While awaiting delivery of the new lidded trash receptacles, I continued to close the bathroom doors to keep little Nosy Rosy out, just to be on the safe side. However, one day the phone rang as I was washing my hands in the bathroom sink, and I forgot to close the door in my rush to answer it.

After the call ended, I walked toward the living room. Oh, no! Not again! Puppy Girl had gotten into mischief in the open bathroom again. This time she still had a piece of tissue dangling from her mouth and another one lying just between her front feet.

Now, not only is it my fault that I never successfully trained her to "drop it," but I should have known not to do what I did next.

That's because I had a foreshadowing of this event when she was nearly a year old. A dryer sheet fell on the floor in front of her, she grabbed it in her mouth, I yelled, "drop it", but she didn't. Afraid she would choke on the strong-fibered sheet (the box read, Keep away from children and pets), I pried open her mouth with both hands and snatched the dryer sheet away from her. She wasn't happy about that, and my knuckles got grazed by her young teeth in the process as she let me know it, but my skin wasn't broken.

She thought the object was either something to eat or something to play with, but the issue is that she thought it was hers. No human shouting “drop it”--not even Mom--was going to make her give up what was hers without a fight. It was territorialism in the making, but I didn't recognize it for what it was.

So, this time I didn't try to take the tissue hanging from her mouth; however, she must have thought that was my intent. I foolishly reached down to grab the bit of tissue lying between her front feet. That’s when she did it.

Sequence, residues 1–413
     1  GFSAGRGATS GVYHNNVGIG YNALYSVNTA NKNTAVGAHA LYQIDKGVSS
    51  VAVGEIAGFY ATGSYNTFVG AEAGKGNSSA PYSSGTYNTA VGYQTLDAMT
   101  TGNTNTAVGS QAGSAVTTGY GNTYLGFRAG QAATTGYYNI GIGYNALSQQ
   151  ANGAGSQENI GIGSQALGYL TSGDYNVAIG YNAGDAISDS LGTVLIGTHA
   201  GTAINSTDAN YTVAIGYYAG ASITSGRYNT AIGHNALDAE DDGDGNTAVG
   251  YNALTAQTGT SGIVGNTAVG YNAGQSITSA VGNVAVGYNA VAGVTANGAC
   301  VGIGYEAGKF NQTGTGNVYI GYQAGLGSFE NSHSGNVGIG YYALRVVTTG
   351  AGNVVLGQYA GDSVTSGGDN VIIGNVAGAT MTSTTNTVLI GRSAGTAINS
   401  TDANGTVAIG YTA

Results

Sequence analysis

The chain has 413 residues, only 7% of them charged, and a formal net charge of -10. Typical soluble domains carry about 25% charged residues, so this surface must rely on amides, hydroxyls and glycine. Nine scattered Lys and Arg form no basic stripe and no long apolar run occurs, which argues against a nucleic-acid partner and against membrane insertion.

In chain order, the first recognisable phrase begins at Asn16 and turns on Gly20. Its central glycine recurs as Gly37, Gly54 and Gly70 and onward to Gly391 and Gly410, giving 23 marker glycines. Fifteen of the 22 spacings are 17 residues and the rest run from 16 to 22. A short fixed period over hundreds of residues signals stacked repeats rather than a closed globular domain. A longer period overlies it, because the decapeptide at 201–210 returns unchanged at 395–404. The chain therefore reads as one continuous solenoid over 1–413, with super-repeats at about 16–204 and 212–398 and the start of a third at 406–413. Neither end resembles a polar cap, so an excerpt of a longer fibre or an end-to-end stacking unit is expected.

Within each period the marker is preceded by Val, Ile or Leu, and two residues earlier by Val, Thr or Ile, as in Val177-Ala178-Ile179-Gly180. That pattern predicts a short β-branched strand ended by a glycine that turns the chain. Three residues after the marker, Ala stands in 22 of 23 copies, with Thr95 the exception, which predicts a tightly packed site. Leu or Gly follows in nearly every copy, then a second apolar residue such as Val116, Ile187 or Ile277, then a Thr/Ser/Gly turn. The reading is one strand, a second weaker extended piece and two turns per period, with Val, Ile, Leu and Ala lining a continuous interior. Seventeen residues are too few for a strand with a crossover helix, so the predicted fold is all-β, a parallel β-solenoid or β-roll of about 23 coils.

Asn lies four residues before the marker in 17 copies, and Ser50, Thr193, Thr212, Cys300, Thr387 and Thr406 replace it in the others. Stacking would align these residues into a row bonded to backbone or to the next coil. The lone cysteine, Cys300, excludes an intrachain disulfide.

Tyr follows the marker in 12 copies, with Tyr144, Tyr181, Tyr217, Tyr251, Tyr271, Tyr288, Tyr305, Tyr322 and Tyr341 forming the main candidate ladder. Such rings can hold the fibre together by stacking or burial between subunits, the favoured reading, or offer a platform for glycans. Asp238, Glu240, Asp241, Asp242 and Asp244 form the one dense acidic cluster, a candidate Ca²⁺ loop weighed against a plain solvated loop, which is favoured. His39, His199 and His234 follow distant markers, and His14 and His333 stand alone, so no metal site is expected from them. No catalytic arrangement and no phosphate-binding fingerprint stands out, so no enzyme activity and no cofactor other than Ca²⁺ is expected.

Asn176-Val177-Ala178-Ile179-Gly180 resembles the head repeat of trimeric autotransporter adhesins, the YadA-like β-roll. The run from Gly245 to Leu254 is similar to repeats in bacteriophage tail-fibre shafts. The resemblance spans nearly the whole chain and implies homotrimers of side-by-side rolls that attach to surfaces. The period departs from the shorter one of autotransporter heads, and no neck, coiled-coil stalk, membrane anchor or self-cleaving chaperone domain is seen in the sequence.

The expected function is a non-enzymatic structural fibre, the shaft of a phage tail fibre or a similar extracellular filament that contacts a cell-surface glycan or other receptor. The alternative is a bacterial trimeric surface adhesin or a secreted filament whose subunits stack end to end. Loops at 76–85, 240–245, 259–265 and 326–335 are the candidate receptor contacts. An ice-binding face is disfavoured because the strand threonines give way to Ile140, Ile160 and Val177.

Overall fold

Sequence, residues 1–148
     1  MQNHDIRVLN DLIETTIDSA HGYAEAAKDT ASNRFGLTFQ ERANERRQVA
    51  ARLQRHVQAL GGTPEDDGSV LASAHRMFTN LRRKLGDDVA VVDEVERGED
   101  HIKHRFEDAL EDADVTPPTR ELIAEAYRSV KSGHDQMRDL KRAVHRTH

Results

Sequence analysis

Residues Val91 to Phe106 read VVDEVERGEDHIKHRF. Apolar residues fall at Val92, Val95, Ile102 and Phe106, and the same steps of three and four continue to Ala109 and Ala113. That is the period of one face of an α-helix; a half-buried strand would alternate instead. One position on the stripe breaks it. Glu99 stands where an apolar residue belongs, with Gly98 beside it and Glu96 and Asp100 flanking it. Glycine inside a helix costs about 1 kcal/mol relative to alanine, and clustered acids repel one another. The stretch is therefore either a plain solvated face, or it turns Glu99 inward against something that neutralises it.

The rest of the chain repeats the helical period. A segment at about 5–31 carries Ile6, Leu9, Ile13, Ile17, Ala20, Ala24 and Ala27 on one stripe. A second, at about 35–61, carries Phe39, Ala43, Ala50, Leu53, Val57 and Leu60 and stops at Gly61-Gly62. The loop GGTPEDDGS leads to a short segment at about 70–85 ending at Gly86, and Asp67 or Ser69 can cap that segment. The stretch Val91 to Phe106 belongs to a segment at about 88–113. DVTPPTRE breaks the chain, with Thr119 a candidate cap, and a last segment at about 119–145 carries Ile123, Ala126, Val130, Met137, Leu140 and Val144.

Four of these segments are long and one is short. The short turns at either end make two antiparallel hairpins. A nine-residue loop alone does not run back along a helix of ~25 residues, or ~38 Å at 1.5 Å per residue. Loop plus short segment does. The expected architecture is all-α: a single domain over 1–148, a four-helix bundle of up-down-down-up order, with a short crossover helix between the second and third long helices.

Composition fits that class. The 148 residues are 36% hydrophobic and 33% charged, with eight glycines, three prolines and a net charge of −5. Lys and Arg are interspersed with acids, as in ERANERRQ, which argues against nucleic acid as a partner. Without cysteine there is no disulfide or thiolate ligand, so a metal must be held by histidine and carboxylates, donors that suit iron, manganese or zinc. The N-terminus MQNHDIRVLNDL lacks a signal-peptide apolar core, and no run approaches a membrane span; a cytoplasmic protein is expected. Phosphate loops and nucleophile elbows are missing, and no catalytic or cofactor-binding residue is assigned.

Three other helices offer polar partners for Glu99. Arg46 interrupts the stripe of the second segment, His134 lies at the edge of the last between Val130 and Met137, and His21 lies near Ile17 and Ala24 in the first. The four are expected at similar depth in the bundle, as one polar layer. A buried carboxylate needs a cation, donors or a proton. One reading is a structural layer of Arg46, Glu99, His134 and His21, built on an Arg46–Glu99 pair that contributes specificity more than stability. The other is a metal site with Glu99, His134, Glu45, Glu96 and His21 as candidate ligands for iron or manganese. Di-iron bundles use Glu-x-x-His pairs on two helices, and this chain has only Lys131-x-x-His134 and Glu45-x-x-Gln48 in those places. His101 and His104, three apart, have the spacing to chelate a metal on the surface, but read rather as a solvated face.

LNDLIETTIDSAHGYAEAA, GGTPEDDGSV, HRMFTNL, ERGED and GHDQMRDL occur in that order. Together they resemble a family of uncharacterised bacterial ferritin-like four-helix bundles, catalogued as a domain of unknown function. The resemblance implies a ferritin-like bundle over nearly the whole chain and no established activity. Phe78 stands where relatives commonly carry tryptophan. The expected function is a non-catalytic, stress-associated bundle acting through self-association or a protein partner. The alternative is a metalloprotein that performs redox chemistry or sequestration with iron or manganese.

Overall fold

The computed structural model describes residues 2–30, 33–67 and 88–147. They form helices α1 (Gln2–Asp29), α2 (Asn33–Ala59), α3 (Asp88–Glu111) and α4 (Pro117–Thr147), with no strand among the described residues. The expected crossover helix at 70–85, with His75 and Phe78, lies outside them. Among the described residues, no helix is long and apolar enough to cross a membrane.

She BIT me!

I will never, ever forget the look on her face as she snarled a split second before she sunk her teeth into the fleshy part of my palm below my thumb. I’m a bit slow these days, so that second wasn’t long enough to stay my hand and stave off the bite that followed the snarl. I didn’t realize my little couch potato could move so fast!

The bite was shocking, it was painful, and it was bloody. I screamed, held my injured hand with the other one and rushed to the bathroom sink. My wound bled and bled over the drain. I shakily grabbed and wadded paper toweling to staunch the blood flow. I was so upset (and by then my hand was hurting so badly) that I had to sit in the chair and lay my head on the vanity top as I applied pressure to the bunched-up paper.

Gore soaked through the paper towels, and I grabbed fresh ones. It seemed like a nightmare, even though I was wide awake. As I sat there pressing clumps of paper against my hand, I started bawling. I looked up to see Puppy Girl peering in the bathroom door at human Mom gone mad. If it had been a scene in a movie, there would have been a chastened look on her doggy face. But it wasn't a movie, and her expression seemed simply curious.

“Get out of here!” I yelled. “See what you’ve done to me? Go away!”

Brilliant one-sided conversation to have with a dog, right? Like she could really add two and two to come up with four. Dogs may remember things, but they don’t live in the past. I was wanting her to feel guilty, but dogs don’t feel guilt. Humans do.

After a while my makeshift pressure bandage did its work, and the blood slowed to a trickle. I poured half a bottle of hydrogen pyroxide over my hand, then took a good look at what Puppy Girl's grown-up canine teeth had wrought.